Wednesday, 27 April 2011

Imperial Bedrooms by Brett Easton Ellis



Well, he's tried Stephen King. What about Raymond Chandler? Lunar Park I didn't like much, but this is a lot better. How much, I'm still not sure.

Like Chandler it's set in LA and nobody knows what's going on. People are followed, other people go missing. The narrator is repeatedly told he's not seeing "the big picture." It's a murder mystery where the murder happens at the end and the identity of the killer isn't a mystery.

Luckily we have our hero Clay on the case (as well as many of the Less than Zero cast.) Not exactly a knight in tarnished armor, Clay. As mean as the streets, in fact. Detached to the point of autism, manipulative, sadistic, capable of horrible things and unexpectedly needy. His character is one of the most succesful aspects of the book.

So...the nasty bits. Well, it's really all contained in a sequence towards the end which is connected to the rest of the story only obliquely. It's certainly very disturbing, and it works character-wise. But a hater (not me, clearly) would wonder if it's been shoehorned in for the fanboys. I remember reading an interview where Ellis said he had to get wrecked for days at a time to write the infamous bits of American Psycho. How hard is it for him these days?

I've had a bit of a rocky relationship with this book. It took me a couple of goes to get into, then I was hooked - Ellis back to his best. Then I'm thinking - actually this is just the same as his early stuff - what's the point? I was disappointed when I finished this a couple of days back, and I'm liking it the more I think about it.

Here are the weak points - it's too short. It's not funny, like Psycho or Glamorama. I didn't understand the ending and had to look up wikipedia (I think this was me being stupid, rather than a clever chandler-esque end to the novel.)

But the big plus point - this is proper Bret Easton Ellis.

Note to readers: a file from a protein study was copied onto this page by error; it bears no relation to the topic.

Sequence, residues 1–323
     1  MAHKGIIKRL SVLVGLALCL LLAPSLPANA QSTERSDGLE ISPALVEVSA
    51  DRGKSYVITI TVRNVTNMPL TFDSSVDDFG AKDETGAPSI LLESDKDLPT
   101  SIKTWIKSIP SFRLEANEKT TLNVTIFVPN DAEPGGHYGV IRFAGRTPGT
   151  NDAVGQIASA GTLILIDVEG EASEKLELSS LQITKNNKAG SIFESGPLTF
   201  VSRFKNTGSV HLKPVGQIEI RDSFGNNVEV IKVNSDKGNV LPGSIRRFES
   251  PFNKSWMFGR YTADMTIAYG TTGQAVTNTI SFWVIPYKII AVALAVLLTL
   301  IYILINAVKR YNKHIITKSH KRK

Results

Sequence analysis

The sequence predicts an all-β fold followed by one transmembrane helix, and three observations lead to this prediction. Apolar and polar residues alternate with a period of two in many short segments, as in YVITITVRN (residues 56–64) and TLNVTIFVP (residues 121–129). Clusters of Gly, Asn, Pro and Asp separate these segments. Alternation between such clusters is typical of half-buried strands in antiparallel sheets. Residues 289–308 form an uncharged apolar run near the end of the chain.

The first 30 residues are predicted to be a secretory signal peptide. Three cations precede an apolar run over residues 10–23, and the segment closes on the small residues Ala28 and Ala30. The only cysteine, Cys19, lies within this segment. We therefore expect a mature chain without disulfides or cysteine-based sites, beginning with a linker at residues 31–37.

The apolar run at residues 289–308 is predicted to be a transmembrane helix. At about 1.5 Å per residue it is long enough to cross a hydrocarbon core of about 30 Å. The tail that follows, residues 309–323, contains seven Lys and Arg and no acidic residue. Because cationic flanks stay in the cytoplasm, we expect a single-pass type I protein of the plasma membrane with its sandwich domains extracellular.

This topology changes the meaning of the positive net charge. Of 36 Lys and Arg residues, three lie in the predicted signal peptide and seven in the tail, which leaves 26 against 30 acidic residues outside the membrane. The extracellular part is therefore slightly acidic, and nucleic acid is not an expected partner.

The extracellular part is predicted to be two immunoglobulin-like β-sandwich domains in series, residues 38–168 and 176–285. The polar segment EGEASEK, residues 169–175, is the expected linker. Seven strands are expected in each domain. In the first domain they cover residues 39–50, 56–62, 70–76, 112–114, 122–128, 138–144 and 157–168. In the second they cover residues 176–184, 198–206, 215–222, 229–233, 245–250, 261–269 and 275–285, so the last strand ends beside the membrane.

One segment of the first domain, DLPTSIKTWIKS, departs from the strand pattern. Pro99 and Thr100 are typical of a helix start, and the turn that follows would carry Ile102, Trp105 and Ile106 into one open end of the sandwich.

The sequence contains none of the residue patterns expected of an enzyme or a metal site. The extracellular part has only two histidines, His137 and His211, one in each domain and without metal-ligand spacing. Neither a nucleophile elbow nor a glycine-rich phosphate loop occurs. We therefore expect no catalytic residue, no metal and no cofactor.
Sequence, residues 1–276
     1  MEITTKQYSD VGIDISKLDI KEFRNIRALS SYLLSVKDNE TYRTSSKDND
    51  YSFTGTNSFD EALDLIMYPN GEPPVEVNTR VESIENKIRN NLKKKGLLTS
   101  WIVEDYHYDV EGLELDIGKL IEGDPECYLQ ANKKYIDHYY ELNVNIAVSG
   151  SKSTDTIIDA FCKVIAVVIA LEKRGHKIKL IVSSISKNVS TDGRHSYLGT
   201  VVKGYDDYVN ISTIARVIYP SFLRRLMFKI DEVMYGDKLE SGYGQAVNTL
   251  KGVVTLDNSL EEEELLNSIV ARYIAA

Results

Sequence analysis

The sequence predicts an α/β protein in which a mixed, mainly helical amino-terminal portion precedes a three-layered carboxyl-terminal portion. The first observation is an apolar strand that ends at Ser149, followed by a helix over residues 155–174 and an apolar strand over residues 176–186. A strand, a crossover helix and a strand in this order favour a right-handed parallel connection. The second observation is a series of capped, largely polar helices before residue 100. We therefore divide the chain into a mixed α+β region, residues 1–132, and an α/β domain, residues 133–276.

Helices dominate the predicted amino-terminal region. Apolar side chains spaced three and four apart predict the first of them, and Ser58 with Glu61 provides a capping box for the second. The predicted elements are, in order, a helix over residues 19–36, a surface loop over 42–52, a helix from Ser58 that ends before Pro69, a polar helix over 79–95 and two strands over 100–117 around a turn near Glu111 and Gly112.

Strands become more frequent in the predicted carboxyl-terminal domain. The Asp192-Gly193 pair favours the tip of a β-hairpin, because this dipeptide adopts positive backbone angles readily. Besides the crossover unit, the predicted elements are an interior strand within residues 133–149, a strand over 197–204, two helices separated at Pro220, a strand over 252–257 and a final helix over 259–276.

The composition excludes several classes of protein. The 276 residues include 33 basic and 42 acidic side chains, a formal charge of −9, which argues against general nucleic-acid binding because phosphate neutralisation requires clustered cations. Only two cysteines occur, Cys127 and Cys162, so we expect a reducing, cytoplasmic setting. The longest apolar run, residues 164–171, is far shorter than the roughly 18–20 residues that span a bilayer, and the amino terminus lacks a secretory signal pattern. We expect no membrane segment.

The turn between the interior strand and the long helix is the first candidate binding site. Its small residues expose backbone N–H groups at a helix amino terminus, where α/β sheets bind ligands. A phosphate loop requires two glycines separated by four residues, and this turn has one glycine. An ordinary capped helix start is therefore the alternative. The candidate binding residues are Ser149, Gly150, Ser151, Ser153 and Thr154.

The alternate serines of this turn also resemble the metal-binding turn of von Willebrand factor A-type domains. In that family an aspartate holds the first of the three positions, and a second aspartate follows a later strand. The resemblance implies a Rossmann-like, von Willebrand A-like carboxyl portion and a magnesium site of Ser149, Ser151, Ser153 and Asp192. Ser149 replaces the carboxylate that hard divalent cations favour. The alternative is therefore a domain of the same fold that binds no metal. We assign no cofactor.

What I'll need to do is re-read Less Than Zero, then this again. And maybe Glamorama again. Maybe by then I'll be up for American Psycho again, though I've read it to death (ho!) Then, perhaps, a revisiting of Lunar Park whereupon I'll realise it's a misunderstood modern classic.

3 comments:

bryce said...

I seem to recall ranting about how I will have to punch BEE to the ground because of Lunar Park...

Ed said...

I had the same feeling about the particularly nasty scene towards the end of the book - it did seem shoehorned in... a bit gratuitous. But maybe that's just Clay: he turns something as horrific as that into a throwaway anecdote, no more or less important than going to buy a new pair of shoes. His moral compass is shot.

All the makings of the sociopath are there in Less Than Zero, and it comes to fruition in a really horrible character in this one. He can't drift by passively on his good looks anymore, he's got to have a stab at constructing a persona for himself. I was hooked early on by this book. Less Than Zero, which I admired for its dedicated nihilism, was a tougher read I thought, but probably the better book.

Joe said...

from the desk of Bryce.....

I can't post comments on your stupid blog so:

Finished it yesterday...

At first I thought the concept of the book narcissistic. Here is BEE yet again referring to himself and his great works right at the start of his new book (barely a book, I have read longer essays. I don't know how he managed to produce something as long as American Psycho).

Despite this I got into it straight away and was hooked and impressed by it. But then... It just goes funny and stops. Did he have a plane to catch? Perhaps he needed to return some videotapes... Would it really have killed him to b able to write 30 more pages? I agree with both of you about the graphic/mental scenes at the end. It seems like he had some paragraphs left over from American Psycho and needed to pad it out.

Although saying that, I like the idea of Clay becoming his 'new psycho'. The best BEE has produced for some time, but still a missed opportunity.